With the debuts of Apple Watch and iPhone 6 models stretched to fit a hot "phablet" trend, the California company delivered what rumors had predicted leading up to the event.
The Apple Watch, a sleek wrist device that links to the iPhone, "will redefine what people expect from this category," chief executive Tim Cook said at a carefully staged presentation in Apple's hometown Cupertino, California.
Market tracker IHS saw Apple as aiming to reset the wearable computing market the way it transformed the world of smartphones with the release of the iPhone.
"But moving into a new category is a bold, expensive and risky effort," IHS said in an initial analysis of the Apple announcements.
Despite an array of smartwatch releases, no one seems to have found the key to the market, according to analyst Roger Kay of Endpoint Technologies.
Syncing Apple Watch capabilities to iPhones also means that the overall cost of strapping one on could near $1,000, Kay noted.
"I'm not getting the impression that Apple has nailed the category," Kay told AFP.
The latest Apple announcement failed to move Wall Street, with stock in the computer titan closing down by 0.4 percent and slipping a touch further in after-market trades.
'Welcome to the party'
The iPhone 6 models boost screen sizes in what some see as the company catching up to a "phablet" trend combining features of smartphones and tablets.
"Bigger screen. Better performance. Elegant design. Welcome to the party #iPhone 6," Taiwan-based smartphone rival HTC said in a message fired Apple's way on Twitter.
Apple's main rival Samsung has long had a range of larger handsets and has tried to market a smartwatch of its own.
The new iPhone 6 will start at the same price of existing iPhones at $199 for US customers while the iPhone 6 Plus will be at $299 with a two-year contract.
Apple said the devices would be available in at least 115 countries by the end of the year and that it will begin taking orders for iPhone 6 models on Friday.
Paying with a tap
Apple also added a mobile wallet, which Cook said would replace an "antiquated payment process" with a new system that allows consumers to touch their phones to retail terminals to pay.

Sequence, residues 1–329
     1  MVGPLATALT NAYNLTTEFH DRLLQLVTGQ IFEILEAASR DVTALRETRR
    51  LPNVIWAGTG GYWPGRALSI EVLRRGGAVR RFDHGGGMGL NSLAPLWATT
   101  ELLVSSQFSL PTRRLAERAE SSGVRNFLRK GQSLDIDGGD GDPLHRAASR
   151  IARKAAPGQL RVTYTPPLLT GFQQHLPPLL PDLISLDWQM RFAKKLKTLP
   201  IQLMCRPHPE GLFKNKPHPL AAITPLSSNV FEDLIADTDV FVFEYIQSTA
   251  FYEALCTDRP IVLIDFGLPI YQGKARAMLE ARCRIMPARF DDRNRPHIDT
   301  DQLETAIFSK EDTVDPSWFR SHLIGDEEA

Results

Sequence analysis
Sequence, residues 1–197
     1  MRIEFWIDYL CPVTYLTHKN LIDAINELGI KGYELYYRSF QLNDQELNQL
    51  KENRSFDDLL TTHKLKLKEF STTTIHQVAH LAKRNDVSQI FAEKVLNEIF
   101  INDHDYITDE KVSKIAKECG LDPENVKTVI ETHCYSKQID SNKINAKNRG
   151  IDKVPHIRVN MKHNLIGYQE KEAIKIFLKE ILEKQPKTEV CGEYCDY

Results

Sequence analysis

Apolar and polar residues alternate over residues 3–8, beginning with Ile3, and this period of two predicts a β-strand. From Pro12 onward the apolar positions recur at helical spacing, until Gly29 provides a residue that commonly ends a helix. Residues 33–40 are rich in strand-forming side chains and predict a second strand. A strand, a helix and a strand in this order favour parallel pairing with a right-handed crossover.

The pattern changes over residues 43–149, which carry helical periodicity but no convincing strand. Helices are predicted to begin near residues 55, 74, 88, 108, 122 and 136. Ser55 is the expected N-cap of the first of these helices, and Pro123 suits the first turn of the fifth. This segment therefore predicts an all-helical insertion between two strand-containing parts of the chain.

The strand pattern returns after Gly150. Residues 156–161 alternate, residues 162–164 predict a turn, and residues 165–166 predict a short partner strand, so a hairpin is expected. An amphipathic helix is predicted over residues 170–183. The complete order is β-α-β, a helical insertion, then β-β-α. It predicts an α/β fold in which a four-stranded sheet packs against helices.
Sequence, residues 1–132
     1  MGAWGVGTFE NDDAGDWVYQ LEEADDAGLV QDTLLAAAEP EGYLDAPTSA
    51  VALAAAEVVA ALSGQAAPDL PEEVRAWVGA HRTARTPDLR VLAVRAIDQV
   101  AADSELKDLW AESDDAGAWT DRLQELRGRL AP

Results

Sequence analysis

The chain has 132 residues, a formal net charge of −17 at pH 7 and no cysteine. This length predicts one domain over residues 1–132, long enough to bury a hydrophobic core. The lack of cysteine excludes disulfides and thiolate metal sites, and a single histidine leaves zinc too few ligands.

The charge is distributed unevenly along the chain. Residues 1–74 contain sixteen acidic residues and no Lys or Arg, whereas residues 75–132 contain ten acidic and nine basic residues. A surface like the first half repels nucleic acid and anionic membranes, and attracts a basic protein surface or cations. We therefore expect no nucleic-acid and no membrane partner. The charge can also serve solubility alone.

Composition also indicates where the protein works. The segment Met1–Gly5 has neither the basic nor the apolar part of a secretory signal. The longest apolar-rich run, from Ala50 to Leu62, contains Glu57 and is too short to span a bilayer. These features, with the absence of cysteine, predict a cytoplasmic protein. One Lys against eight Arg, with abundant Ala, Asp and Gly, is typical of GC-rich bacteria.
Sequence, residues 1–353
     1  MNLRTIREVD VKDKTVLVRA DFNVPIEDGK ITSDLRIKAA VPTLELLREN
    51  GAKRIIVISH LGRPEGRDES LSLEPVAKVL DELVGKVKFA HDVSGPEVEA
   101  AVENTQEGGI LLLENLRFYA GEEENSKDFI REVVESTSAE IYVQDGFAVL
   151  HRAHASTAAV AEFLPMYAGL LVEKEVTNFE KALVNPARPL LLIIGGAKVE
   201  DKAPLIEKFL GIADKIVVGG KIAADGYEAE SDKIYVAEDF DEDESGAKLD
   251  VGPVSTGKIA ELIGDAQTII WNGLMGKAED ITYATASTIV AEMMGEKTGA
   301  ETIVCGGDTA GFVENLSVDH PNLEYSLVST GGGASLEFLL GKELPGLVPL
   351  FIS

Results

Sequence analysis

The new payment system will be built into the new iPhone and the upgraded Apple's operating system called iOS 8.
Cook introduced Apple Watch with the "one more thing" introduction that was a trademark of iconic Apple co-founder Steve Jobs.
"It is the next chapter in Apple's story," Cook said of the company's first new product category since the death of Jobs in 2011.
"We invented intimate ways to connect and communicate directly from your wrist; it works seamlessly with iPhone and it is also a comprehensive health and fitness device."
Apple watch will start at $349 when it is released early next year, according to Cook. The smartwatch will work with iPhone 5 and newer models.
But some analysts said the delayed rollout could be a problem for Apple.
With no Apple Watch on shelves for the Christmas shopping season, people hankering for a smartwatches may turn to those offered by Samsung, Motorola or other Apple rivals, reasoned analyst Rob Enderle of Enderle Group in Silicon Valley.
"Once Apple announces something, people want it; and there lies the danger," Enderle said.
"People don't leave IOUs under the tree for Christmas."
Consumers typically have less cash to spend on accessories like Apple Watch after the holidays.
While Apple Watch has touch-screen capabilities, many controls were designed into a "digital crown" button so fingers do not block screens.
Sensors can detect a wearer's pulse, and the device syncs with location-sensing features in iPhones to provide a "comprehensive picture of activity" and help work toward fitness goals.
Applications for the watch include map software that guides the wearer to destinations with gentle "taps" on the wrist.
Apple showed off programs for checking into American Airlines flights, unlocking Starwood hotel room doors, and even controlling home lighting or temperature.
Forrester analyst Frank Gillett believed Apple appeared poised to revitalize wearable computing but that it could take longer to catch on than the iPhone or the iPad.
"Because so many others have hit this so hard, it is not going to be the runaway like the iPhone or the iPad," Gillett said.